The altitude alone increases the difficulty of the journey. The best exercise to prepare for Mount Kilimanjaro is hiking because that is what you will be doing on the mountain. Other exercises such as running and weightlifting can help, but the bulk of training, if not all of your training, should be hiking.
Adding a backpack with some weight in it on your outdoor excursions will help you train as well. If you don’t have a lot of experience hiking, start with some shorter jaunts and build up to longer ones. On Kilimanjaro, you will be hiking 4-6 hours a day and on summit day, 12-14 hours, so you want to condition yourself to handle this level of activity. Endurance is key, so train for duration rather than intensity.
At high levels of altitude, you dehydrate much quicker. Dehydration can increase your chances of headaches, Acute Mountain Sickness (AMS), overall fatigue, and even grouchiness, so drink plenty of water.
For many climbers, it is quite common to get a slight headache because of the change in altitude. Drinking sufficient amounts of water can help stave off added discomfort associated with dehydration headaches. Water is collected from the nearby mountain streams and treated with Aqualab’s water purification tablets. It is provided at campsites only, so we recommend carrying at least 3 liters of water to keep hydrated while you hike. It is also wise to drink at least a liter of water before and after you climb each day on the mountain.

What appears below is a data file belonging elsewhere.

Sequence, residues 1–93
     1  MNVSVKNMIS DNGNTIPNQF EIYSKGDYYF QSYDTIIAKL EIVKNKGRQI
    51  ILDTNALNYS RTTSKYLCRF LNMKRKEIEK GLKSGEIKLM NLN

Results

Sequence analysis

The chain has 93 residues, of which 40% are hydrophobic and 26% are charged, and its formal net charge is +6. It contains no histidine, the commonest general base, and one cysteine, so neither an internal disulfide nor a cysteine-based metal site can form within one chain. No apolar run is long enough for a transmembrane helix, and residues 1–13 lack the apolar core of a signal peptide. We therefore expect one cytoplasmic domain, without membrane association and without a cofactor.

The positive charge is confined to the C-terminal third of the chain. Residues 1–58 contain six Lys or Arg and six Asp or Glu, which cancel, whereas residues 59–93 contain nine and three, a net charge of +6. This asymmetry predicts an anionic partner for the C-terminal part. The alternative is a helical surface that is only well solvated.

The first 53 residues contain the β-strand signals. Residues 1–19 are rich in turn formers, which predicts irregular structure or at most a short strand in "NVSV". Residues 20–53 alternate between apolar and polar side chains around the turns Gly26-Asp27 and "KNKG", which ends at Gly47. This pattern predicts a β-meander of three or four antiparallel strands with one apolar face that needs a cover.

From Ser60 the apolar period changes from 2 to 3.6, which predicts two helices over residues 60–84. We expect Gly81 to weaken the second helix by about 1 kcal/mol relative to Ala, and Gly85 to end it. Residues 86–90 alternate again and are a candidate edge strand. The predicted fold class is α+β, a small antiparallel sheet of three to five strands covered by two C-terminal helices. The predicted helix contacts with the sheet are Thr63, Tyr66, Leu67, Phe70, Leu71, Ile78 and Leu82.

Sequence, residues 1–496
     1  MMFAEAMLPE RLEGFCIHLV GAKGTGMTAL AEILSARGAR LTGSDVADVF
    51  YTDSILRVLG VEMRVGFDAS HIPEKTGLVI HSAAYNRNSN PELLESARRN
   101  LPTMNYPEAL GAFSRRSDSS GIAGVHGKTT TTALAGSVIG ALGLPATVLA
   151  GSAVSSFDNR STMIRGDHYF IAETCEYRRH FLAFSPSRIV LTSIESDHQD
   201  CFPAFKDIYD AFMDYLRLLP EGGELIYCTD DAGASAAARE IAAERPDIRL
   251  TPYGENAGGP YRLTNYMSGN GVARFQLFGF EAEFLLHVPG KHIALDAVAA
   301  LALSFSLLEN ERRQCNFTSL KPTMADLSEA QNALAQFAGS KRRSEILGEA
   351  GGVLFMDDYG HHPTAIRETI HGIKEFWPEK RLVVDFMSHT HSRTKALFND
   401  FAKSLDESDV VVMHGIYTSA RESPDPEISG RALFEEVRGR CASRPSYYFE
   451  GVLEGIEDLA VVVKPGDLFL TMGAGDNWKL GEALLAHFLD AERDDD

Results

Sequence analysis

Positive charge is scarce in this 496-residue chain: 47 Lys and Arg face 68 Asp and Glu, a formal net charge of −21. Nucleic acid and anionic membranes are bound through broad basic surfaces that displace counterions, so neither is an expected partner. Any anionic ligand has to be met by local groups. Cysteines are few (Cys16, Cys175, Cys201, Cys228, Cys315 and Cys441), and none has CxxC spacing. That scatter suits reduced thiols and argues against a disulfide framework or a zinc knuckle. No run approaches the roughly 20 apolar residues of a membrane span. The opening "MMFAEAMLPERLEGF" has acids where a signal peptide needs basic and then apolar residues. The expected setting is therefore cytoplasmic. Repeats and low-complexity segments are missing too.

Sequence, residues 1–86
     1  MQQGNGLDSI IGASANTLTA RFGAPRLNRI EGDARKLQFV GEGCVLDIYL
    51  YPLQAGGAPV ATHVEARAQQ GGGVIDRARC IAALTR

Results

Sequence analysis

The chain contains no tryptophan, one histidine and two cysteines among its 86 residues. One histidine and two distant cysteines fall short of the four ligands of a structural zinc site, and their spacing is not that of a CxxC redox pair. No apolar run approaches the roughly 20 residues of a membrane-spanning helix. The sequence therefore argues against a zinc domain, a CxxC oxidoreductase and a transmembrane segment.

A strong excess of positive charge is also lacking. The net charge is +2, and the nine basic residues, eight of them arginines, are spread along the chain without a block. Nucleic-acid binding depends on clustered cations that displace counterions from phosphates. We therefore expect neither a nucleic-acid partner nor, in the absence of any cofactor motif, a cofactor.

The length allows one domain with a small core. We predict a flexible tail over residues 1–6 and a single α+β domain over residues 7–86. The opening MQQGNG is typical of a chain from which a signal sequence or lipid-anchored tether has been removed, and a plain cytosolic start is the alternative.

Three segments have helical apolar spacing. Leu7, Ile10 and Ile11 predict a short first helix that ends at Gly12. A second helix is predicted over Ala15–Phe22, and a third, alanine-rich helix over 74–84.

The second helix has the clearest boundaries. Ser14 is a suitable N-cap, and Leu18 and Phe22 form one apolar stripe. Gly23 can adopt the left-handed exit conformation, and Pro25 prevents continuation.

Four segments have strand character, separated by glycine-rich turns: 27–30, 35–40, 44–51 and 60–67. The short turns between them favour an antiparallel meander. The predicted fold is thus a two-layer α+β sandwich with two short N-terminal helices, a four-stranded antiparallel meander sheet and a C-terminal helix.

You may want to consider bringing both a water bladder and a water bottle. A water bladder, like a platypus, is nice because you can sip as you climb. However, as you near the summit, water bladders may freeze, so it is wise to have a backup water source. It is also good to bring electrolyte packets to add to your water bottle (not your water bladder, as this can cause mold). They add some flavor to your water when continuously drinking fluids becomes daunting and keep your electrolytes balanced.
Polepole is a phrase that you will often hear while climbing Mount Kilimanjaro. In Swahili, it means slowly, gently, softly, quietly, be calm, or take it easy.
When taking on a challenge like Kilimanjaro, remember slow, and steady can mean the difference between successfully reaching the summit and turning back early.